politics and culture: November 2005 Archives

My 15 seconds of fame

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I was downstairs putting the finishing touches on dinner (meat loaf, winter squash, vege pasta with artichoke pesto, and home made refried beans). John was upstairs finishing reading something on the computer. He called out to me, "Hey, have you been over to Video Meliora today?"
me: "not yet - why?"
him: "You're mentioned in the same sentence as Amy Welborn. And it comes from an article in First Things."

Since I was downstairs, I grabbed the print edition of First Things out of todays mail pile and proceeded to read God on the Internet by Jonathan V. Last. It's an interesting article, and I was somewhat bemused to have been the first blog actually mentioned by name. Blogging midwives are somewhat of an anomaly anyhow (last time I googled it I only found 4 of us) and a Catholic midwife blog is probably hen's teeth.

Mr. Last has some sharp observations, but I think that on some level he sells Catholic bloggers a little short. Here is his closing sentence and summation:

But even at its best, the Internet is a weakening of reality, and with its consumer satisfactions, politicizing impulses, and substitutions for the body, it constantly lures us up into thinner and thinner air. Isn’t religion supposed to enrich the world around us instead? Shut off your computer. Take a deep breath. Go to church.

From what I have seen, the majority of us in St. Blog's have not abandoned our incarnational reality and our physical religion for the thin air of the blogosphere. I read about fellow bloggers who go to daily Mass, who participate in various ministries, whose works show forth their faith. Many of us regularly participate in Eucharistic Adoration, groups such as Cursillo, Knights of Columbus, Faith on Tap, music ranging from Gregorian Chant to LifeTeen masses, and all sorts of other physical manifestations of our Catholicism. I have found the Catholic (and other Christian, for that matter) blogosphere to be an incredible support and challenge to live out my faith and to "work out my salvation in fear and trembling".

The cross-fertilization of ideas is unprecedented. I have learned enormously about Carmelite spirituality from Steven Riddle. (before this, I really didn't understand why Therese was a doctor of the church!) I have learned about the Catholic economic theory of distributism from Caelum et Terra. I have learned about ordering my life as a mother to God's plan from several other Catholic mom-bloggers (too many to list).

And so, I will respectfully disagree with the conclusion reached by Professor Reynolds (quoted in the above mentioned article).

As Professor Reynolds explains: “Kneeling, on a kneeler made of oak, in front of a priest with trembling hands handing you the very Body and Blood of Christ which you taste and touch and smell is different than mouse-clicking your way through reality. . . . Is [the Internet] real fellowship? No, I don’t think so. I view it more as co-laboring.”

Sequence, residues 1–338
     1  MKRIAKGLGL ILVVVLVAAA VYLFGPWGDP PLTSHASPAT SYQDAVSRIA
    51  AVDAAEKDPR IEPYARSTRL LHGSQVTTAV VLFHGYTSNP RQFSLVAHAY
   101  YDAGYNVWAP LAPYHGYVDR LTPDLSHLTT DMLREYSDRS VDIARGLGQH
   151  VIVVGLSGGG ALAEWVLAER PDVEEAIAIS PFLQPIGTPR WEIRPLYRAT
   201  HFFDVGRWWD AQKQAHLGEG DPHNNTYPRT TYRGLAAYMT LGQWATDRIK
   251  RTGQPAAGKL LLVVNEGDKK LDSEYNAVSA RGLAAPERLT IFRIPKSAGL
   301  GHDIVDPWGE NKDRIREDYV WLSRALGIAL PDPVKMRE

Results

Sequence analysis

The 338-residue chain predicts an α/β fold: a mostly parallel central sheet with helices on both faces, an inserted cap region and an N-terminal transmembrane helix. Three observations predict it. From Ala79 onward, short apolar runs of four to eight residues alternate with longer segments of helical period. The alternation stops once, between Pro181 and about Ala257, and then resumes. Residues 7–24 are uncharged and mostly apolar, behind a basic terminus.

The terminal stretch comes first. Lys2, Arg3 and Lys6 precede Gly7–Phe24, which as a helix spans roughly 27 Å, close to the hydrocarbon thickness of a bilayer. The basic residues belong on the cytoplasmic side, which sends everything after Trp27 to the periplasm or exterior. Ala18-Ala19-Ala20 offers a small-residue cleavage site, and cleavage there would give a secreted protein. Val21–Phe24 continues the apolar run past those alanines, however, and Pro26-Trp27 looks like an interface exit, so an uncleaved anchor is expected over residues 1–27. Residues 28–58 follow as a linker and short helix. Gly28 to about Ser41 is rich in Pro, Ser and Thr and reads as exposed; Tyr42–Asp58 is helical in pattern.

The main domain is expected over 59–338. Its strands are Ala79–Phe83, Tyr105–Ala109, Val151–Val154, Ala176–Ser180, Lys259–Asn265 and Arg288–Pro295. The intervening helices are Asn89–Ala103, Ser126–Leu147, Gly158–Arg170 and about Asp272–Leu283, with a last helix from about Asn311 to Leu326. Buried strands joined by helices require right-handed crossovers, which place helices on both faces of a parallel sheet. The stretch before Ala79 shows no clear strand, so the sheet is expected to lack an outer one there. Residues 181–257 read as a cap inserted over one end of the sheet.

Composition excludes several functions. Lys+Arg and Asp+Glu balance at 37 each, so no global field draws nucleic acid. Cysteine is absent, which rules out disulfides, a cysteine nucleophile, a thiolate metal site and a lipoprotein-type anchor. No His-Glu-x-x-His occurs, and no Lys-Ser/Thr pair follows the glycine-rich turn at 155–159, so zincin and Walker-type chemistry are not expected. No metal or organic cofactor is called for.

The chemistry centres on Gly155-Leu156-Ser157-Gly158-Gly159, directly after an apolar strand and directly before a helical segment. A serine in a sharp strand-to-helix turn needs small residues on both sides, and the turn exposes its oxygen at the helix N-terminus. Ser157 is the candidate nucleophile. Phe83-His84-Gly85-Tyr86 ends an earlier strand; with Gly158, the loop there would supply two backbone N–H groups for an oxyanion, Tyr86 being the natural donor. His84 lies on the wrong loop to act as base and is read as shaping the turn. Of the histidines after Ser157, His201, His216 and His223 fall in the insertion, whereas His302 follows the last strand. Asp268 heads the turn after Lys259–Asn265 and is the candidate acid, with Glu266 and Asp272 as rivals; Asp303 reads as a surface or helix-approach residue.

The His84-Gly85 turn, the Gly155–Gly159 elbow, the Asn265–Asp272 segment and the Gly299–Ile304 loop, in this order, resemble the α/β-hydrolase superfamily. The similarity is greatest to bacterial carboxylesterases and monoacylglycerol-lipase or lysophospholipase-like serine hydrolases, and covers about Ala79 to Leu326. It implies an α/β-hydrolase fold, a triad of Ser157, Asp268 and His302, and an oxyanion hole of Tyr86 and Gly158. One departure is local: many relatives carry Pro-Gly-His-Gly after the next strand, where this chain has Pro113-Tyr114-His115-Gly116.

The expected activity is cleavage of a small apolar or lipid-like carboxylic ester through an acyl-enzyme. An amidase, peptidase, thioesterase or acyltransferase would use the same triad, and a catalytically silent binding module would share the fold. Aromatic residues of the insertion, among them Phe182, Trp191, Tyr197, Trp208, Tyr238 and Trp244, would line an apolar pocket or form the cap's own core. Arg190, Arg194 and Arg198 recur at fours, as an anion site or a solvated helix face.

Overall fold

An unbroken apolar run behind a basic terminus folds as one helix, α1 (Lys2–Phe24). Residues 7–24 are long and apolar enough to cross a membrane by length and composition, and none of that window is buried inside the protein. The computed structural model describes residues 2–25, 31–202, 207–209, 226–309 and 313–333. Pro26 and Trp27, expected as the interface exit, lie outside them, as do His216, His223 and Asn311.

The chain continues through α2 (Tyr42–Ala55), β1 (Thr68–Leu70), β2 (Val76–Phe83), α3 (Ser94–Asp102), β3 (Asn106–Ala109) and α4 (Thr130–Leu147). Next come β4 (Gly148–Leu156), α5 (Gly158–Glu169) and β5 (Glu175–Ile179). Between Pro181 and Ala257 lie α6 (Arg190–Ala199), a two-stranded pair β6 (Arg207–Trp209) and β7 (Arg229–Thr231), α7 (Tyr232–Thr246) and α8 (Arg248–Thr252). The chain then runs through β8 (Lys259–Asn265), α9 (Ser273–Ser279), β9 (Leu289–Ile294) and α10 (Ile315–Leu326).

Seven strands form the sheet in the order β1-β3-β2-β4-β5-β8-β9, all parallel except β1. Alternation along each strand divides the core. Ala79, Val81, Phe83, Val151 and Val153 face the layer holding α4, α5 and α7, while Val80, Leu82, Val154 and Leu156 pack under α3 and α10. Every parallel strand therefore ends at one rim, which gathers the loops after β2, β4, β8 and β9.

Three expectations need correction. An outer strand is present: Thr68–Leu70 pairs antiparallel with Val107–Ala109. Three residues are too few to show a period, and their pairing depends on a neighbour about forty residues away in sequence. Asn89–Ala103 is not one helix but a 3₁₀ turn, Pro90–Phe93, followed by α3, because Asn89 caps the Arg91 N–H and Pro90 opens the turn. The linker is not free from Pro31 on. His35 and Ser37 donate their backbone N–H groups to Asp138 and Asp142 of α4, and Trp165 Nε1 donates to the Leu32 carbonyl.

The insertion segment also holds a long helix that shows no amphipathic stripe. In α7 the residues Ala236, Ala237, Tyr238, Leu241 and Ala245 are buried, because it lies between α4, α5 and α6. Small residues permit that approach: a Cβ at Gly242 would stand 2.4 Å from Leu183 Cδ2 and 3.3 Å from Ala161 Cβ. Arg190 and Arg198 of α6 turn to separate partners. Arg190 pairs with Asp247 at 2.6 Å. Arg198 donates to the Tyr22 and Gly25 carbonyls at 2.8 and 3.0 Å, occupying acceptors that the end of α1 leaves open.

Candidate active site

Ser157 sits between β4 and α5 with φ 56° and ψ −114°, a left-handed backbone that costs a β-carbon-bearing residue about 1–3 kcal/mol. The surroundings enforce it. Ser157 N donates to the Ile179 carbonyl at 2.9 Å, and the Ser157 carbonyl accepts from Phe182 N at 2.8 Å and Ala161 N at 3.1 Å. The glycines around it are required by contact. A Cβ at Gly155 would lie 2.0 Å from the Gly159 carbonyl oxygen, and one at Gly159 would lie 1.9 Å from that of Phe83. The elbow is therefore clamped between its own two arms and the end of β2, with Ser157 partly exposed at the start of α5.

Yes, there is a difference between virtual reality and physical reality - we as Catholics take delight in the physical realities with which God had gifted us. But virtual fellowship has a reality that is also of great value. The few occasions that I have been able to physically meet fellow bloggers has born this out for me.

Capitulation or prudence?


Canada's National Shrine Pulls Plug on Location of National Pro-Life Conference Due to Threats

By John-Henry Westen

MONTREAL, November 16, 2005 (LifeSiteNews.com) - One day prior to the opening of the Canadian National Pro-Life Conference the religious priests who are in charge of Canada's national Catholic shrine, St. Joseph's Oratory in Montreal have reneged on the conference location due to threats received from 'pro-choice' and homosexual activists. The decision is not based on police inability to offer adequate protection, according to police officials. Organizers of the conference are scrambling to find another location at such short notice. (complete story)

And asks some good questions about the questions he is being asked to qualify for
Jury Duty

I did 6 months on the county grand jury last year. It was a fascinating and sometimes disturbing glimpse into the criminal justice system in this country.

for those who have missed his wisdom

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a new post from Apologia

I don't do policial posts much, but not because I have no interest! It is just that others do a much better job than I can on some of these issues. For example, Kobayashi Maru. Today he blogs on Europe Under Siege - Van Gogh One Year On
And a couple of days ago, the Paris Riots
I've lived through riots - most recently the Rodney King riots in Los Angeles. The amazing thing is that one can be watching TV and see violence going on just a few miles from home and yet be able to distance oneself from the reality. It is so unreal, that one just dissociates, much like the victim of abuse or torture does during the event. It's a kind of survival mechanism.
In the USA, we used to celebrate 1492 as the date when Columbus opened up the Western Hemisphere to the Old World. In Spain, it was celebrated as the year that the last of the Muslim invaders were forcibly expelled from that end of the European continent. Now, more than 500 years later, the Alhambra has been lost again.

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About this Archive

This page is a archive of entries in the politics and culture category from November 2005.

politics and culture: October 2005 is the previous archive.

politics and culture: December 2005 is the next archive.

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